Reday000Stu: That's the bottom line on this whole situation. I did not make Peggy leave. from mobile web

Reday000"Did you throw Peggy under the bus? Stu "Oh no. Peggy made the decision to leave." from mobile web

Reday000Court resumes. Stu still on the stand. from mobile web
Reday000After side bar...McNeilll begins cross. from mobile web

Reday000Golden: "Didn't you decide it would just be easier to turn your back on Peggy?" Stu: "That is just not true." from mobile web

Reday000Golden concludes. McNeil reserves right to recall Silberman. Does not cross. from mobile web

Reday000Stu: Peggy could have gone back to BTWA. from mobile web

Reday000Stu is back on the stand. Lisa Stone is probably next. from mobile web

Reday000Trial resumes. from mobile web

Reday000McNeilll's client is Stu but it's also the Board. Is that the thing? ? ? ? from mobile web

Reday000Doesn't Stu own the privilege? Can't he waive it at will? Hummmm. from mobile web

Reday000...but he didn't say everything he wanted to citing priv. My question is.... from mobile web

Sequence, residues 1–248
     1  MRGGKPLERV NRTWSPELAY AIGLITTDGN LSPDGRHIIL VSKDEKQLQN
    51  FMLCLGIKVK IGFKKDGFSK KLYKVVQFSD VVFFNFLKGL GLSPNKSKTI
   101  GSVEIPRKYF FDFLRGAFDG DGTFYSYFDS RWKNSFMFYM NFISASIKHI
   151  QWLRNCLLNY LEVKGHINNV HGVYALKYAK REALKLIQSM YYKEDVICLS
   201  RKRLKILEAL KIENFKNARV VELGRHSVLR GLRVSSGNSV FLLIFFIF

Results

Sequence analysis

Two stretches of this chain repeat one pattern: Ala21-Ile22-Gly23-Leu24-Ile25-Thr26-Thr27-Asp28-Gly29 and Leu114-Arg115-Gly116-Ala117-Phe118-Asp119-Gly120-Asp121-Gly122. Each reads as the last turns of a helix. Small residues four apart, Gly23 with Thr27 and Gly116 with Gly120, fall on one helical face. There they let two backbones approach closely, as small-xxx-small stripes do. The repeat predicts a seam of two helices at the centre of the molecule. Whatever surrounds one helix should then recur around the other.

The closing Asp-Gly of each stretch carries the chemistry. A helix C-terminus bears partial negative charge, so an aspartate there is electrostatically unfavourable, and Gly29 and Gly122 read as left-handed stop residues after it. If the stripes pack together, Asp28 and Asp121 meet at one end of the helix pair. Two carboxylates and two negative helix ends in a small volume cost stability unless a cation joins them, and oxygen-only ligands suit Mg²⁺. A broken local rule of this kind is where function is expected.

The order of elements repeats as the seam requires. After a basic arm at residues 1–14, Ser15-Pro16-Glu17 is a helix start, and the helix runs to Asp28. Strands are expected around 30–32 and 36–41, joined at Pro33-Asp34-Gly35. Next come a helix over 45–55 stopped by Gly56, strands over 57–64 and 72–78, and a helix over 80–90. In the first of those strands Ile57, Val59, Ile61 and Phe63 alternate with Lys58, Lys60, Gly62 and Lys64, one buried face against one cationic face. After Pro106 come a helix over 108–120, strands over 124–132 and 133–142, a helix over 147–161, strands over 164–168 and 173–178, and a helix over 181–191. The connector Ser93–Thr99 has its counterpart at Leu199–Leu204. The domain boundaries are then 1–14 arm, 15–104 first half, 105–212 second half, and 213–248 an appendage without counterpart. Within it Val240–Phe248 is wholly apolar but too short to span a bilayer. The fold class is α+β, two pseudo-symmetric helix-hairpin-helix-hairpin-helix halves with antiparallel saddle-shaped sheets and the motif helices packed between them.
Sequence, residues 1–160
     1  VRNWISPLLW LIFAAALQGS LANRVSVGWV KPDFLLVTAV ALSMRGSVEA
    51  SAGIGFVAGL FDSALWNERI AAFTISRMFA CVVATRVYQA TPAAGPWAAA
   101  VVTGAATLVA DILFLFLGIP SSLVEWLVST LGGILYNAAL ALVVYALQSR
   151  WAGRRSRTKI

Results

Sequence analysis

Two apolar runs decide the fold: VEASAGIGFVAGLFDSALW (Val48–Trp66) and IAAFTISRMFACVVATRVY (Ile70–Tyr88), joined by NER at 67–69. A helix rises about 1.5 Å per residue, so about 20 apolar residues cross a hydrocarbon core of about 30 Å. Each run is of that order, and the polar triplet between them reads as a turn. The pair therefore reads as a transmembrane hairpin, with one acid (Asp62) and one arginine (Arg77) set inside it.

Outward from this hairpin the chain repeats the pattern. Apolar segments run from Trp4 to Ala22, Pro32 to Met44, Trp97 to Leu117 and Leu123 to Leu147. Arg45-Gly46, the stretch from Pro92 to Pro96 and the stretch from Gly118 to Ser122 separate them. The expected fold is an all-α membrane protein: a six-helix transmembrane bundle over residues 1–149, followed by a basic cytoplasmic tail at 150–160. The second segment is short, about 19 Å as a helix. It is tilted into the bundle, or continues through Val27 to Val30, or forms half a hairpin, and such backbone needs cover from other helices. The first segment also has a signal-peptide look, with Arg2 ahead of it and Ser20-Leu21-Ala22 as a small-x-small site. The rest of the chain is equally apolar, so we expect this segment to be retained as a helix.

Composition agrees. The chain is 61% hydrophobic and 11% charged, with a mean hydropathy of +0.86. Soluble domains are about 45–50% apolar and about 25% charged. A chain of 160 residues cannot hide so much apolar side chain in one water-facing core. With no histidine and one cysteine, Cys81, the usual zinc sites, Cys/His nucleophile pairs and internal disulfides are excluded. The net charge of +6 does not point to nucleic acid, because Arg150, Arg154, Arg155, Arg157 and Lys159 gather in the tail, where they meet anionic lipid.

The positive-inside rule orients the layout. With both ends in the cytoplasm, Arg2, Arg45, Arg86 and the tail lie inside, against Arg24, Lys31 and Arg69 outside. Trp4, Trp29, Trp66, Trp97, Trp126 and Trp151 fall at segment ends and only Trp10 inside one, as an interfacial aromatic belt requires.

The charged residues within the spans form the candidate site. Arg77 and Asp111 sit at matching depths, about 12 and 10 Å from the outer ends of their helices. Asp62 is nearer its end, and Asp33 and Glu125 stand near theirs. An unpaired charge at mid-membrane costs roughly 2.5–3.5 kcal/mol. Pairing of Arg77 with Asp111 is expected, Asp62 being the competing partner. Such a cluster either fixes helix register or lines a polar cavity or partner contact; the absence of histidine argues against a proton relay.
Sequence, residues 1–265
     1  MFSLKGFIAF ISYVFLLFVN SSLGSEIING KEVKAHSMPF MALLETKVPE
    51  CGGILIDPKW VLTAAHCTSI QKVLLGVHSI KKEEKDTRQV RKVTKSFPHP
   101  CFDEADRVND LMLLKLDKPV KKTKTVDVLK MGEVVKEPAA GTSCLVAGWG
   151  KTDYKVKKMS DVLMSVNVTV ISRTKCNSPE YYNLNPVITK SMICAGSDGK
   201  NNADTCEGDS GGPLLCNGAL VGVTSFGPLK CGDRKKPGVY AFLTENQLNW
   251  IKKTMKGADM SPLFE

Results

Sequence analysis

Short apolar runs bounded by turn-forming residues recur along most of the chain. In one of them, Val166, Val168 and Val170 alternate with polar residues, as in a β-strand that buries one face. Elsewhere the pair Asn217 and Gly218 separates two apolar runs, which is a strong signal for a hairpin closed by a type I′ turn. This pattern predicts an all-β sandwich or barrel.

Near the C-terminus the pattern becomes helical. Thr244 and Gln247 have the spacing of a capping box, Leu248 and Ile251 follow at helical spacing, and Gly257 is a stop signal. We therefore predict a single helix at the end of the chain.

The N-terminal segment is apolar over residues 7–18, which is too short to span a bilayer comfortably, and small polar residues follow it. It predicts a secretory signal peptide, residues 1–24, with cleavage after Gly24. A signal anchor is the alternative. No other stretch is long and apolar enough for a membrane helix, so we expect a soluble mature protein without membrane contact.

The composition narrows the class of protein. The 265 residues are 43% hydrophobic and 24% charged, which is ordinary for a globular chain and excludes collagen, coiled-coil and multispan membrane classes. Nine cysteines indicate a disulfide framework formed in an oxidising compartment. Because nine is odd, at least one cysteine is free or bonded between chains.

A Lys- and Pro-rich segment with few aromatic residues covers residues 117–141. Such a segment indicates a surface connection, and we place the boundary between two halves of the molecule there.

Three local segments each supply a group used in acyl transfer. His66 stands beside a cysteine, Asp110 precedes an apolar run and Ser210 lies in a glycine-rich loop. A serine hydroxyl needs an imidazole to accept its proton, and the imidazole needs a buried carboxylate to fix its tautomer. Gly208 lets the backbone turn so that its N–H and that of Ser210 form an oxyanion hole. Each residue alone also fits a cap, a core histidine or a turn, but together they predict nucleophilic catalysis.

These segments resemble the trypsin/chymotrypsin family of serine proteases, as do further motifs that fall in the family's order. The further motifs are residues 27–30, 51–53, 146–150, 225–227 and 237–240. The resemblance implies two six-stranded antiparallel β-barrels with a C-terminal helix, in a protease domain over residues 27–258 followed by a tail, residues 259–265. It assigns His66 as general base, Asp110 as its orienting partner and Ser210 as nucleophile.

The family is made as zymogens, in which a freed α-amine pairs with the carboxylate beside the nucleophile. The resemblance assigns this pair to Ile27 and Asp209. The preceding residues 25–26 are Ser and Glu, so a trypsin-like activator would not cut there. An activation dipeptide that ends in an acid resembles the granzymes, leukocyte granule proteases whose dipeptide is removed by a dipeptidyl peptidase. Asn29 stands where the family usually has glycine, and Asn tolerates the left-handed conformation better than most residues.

Reday000...attny/client priv. Stu told the jury he wanted to answer and that "it was critical." ... from mobile web

Reday000Is there a lawyer in the house? Before lunch Golden asked Stu a question involving the board attorney. McNeilll cautioned Stu about ... from mobile web

Reday000This AM: Ishmael admonished attorneys "Remember Rule # 1...Attnys ask...Witnesses answer...and can explain. from mobile web

Reday000Stu said: I knew her to be an outstanding instructional leader...had a significant issue with management...relationships from mobile web

Reday000Court in recess until 1PM from mobile web

Reday000Stu: Sir, There was nothing more that I wanted than for Peggy Petrilli to succeed from mobile web

Reday000Stu on Aug 22 Mtg:I thought it was just one more thing that Peggy had gotten us into. I was there to smooth things out. from mobile web


Anonymous said...

To be as civil as I can, it is clear to me that Stu Silberman is not telling the truth. Peggy Petrilli was sacrificed to the dogs so that Stu could stop Berry and Clark from marching on Central Office.